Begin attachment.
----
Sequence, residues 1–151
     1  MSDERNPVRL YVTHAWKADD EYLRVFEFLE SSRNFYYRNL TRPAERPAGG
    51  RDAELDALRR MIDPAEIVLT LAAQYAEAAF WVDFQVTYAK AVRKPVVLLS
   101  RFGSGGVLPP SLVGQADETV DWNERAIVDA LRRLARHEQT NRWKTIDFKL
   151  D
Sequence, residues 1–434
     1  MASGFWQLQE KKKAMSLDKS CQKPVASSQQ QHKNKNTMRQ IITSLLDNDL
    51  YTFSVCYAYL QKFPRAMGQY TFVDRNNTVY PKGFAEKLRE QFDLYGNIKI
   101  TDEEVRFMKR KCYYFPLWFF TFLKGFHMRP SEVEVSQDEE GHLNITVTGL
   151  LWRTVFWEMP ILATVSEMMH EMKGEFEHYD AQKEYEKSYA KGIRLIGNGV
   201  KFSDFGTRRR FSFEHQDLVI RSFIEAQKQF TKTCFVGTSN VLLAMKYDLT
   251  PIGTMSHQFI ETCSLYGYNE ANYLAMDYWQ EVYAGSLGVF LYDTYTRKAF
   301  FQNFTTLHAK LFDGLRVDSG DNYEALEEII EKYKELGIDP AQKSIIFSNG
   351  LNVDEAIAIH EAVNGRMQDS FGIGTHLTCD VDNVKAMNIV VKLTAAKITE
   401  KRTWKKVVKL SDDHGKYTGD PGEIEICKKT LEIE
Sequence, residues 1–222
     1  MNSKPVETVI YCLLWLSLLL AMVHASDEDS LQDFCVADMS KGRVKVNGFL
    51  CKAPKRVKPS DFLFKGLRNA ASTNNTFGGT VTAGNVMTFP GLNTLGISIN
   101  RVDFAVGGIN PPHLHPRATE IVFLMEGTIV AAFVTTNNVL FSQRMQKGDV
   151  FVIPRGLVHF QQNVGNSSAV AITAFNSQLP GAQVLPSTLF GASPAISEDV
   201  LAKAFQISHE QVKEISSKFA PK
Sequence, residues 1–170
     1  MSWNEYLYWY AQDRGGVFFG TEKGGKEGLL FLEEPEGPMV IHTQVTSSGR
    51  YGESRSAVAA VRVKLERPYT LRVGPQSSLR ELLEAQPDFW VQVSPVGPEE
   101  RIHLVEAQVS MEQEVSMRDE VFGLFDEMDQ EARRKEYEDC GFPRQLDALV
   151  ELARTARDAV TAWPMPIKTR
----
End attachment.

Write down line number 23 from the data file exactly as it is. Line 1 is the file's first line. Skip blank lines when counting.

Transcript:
     1  MSWNEYLYWY AQDRGGVFFG TEKGGKEGLL FLEEPEGPMV IHTQVTSSGR